Sometimes a simple Hey, I know it's 6th hour and we're tired, but we need to get through this together is all it takes. Other times, I stop and just ask if they can give me a solid 15 minutes without side conversations so I can model how to solve a problem before they are tasked with doing it on their own. It's that simple and it works. I owe them that. They are 17 year olds sitting through compulsory education; a chemistry class many of them did not wish for, and let's be real, they've been forced to acquire knowledge much of which they'll never use. I agree that knowing basic chemistry is helpful in becoming an informed citizen, but why the hell does every student need to know how to convert from grams to liters using moles or how to calculate Ka of an acid?
Knowing that, I choose to relax, because they've done everything and more that I asked them for. They grinded it out the entire year and now they're tired.
So quickly can we get defensive and reactive when students act out. But if we just look for a way to point out the behavior in a non-threatening way, we might even enjoy the moment. I try to approach the situation with humor while at the same time helping the student realize that it is time to listen and participate. It is all about enjoying the relationship we have built. She's not trying to ruin my day. She's just a kid doing what kids do. And yes, high school applies.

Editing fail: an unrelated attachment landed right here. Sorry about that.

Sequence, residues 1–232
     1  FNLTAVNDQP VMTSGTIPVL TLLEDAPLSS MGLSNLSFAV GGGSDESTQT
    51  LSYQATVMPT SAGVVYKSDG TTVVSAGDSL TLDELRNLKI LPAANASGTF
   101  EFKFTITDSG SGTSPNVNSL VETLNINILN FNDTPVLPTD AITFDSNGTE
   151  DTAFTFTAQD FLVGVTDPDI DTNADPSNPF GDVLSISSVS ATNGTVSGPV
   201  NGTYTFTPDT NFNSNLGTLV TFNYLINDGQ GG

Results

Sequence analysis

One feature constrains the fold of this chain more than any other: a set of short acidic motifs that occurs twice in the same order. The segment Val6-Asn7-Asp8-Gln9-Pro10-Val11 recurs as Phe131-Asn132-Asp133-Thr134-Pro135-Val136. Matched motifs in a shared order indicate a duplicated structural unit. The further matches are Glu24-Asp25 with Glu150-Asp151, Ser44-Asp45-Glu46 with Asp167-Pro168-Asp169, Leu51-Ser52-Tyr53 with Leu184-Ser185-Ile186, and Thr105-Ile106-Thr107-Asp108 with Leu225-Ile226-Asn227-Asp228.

I also tell them about taking my 3 year old son to soccer for the first time and how much fun he had doing the frog walk or about that one time I attempted (and failed) to prove inertia is real at a wedding in Duluth, Minnesota. Turns out pulling a table cloth out from underneath a bunch of plates and glasses is much easier on TV.
It is important to me to maintain the relationships I built with my students, so giving them a break and allowing them some grace is easy. I used to think all hell would break loose if I'd let go of control, but I learned I was creating my own personal purgatory by trying to hold onto it.
But now, it is the end of the year and I want to build my students up and thank them. It was a wonderful year. The chemistry was okay. It was fun and it was a grind at times. Sharing time and space and stories was wonderful. It was far from perfect. We screwed up. It was messy. We adapted. We improved. Looking back, it was they way it was supposed to be. I was able to reflect and change. I changed how I did some things and I changed myself.
It's like that lawn I brought back to life. Rather than feed it toxins, I can allow a few weeds. When I relax, I can focus on enjoying it as a whole, imperfect, but beautiful nonetheless. And I know that I need to nourish and take care of it. Relationships require work. These days, I choose to make it a labor of love.
I guess what I'm saying is that, just as in life, everything that transpires in the classroom is a learning opportunity and we should take advantage when the moment arises. Teachers can learn so much from their students and from interacting with their students. We just have to let it grow.
We have the power to change the world. Let's use it often.